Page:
Funding for building new council housing has always included borrowing, usually from the government’s Public Works Loans Board, at interest rates which are lower than commercial rates. The news that the government is ending the borrowing cap, i.e. the amount of borrowing which each council which owns housing stock is allowed, has been widely welcomed as a means of increasing new building. Estimates vary as to how many homes a year will be built by councils taking on more debt. The Ministry of Housing, Communities and Local Government (MHCLG) estimates that councils will be able to build an extra 10,000 homes a year. However, given that councils are losing somewhere in the region of 15,000 homes a year from right to buy (RTB) sales and demolitions, this would not even stop the annual decline in the number of council homes in England. So long as RTB remains in operation more than 15,000 extra homes a year would be required to increase stock numbers even marginally.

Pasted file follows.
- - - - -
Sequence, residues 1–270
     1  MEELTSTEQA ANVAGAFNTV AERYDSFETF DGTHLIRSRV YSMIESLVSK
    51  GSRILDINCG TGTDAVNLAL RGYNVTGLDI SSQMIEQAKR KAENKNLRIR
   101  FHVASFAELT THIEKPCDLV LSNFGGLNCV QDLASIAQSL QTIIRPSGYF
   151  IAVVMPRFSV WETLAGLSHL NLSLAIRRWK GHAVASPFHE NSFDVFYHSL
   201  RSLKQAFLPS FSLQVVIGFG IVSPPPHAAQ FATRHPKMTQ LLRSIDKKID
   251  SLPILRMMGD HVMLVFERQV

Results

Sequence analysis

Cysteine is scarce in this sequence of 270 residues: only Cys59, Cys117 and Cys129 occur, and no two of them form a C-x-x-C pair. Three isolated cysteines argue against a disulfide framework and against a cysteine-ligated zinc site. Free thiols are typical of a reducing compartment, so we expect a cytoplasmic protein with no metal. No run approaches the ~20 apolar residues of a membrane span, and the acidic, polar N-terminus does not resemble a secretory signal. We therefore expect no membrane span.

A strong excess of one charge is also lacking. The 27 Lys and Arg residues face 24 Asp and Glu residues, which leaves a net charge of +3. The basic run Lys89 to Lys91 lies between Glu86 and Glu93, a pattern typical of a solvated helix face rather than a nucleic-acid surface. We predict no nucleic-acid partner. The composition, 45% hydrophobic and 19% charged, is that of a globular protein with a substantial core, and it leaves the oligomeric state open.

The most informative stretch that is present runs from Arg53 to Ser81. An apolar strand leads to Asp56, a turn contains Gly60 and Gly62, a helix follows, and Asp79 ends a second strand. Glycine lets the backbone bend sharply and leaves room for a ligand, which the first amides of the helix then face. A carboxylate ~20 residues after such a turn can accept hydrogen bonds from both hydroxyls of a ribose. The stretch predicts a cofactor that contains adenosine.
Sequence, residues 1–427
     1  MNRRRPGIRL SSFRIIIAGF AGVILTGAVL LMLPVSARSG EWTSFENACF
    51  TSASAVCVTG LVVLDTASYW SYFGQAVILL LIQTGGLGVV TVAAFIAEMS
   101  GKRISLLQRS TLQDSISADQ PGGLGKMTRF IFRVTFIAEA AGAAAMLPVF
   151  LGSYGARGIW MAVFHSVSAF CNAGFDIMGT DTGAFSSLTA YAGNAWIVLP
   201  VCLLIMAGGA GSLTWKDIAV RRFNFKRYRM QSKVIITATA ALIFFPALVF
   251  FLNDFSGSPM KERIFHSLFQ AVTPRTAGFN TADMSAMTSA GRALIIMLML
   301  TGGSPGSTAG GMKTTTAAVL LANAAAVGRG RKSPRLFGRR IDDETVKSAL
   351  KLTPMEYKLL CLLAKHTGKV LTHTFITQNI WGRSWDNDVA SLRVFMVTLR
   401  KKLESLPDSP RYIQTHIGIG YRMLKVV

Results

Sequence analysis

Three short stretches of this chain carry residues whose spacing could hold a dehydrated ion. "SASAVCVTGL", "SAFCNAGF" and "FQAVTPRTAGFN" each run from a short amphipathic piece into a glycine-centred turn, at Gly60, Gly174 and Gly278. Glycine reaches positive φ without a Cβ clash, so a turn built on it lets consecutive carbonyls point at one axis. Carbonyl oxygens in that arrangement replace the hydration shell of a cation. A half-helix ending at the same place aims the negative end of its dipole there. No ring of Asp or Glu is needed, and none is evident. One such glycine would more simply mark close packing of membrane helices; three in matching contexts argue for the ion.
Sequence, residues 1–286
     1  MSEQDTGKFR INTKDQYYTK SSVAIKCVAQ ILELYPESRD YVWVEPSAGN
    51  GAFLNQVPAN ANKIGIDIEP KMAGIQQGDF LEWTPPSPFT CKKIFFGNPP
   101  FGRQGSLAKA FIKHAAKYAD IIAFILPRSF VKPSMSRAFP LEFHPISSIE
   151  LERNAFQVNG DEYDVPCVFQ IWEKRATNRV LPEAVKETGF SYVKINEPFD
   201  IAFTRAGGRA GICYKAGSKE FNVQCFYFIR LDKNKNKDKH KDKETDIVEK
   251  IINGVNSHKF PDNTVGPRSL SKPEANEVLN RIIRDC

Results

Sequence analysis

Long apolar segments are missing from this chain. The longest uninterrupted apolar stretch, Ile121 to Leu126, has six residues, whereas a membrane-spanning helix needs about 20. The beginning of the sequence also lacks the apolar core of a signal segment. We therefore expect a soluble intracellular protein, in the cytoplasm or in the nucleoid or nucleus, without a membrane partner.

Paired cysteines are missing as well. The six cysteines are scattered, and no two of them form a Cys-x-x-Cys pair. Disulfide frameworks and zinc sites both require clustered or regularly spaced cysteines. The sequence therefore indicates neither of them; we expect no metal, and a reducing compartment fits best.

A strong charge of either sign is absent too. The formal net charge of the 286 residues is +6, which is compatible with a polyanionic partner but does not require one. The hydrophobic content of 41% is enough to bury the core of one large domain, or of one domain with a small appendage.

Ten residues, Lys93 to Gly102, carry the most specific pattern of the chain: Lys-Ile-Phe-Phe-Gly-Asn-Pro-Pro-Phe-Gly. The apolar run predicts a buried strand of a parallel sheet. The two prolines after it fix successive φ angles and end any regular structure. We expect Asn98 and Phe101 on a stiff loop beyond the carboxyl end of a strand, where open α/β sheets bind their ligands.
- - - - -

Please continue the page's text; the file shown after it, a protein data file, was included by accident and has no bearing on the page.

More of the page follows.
Much of the comment on lifting the cap takes no account of two factors:
The level of existing debt which has to be serviced. At the end of the last financial year the combined debt of local authority housing revenue accounts (HRAs) in England was £26 billion. According to the Local Government Finance Statistics around 25% of annual income is eaten up by debt and interest charges.
There is no consideration of who pays for the borrowing. Under the new council housing finance system debt servicing is paid for by tenants through their rent and service charges. If there is no central government grant available for new building then the cost falls entirely on the shoulders of existing tenants. The danger is that if councils take on more debt then the cost of servicing it will eat into the resources available to maintain existing housing stock.
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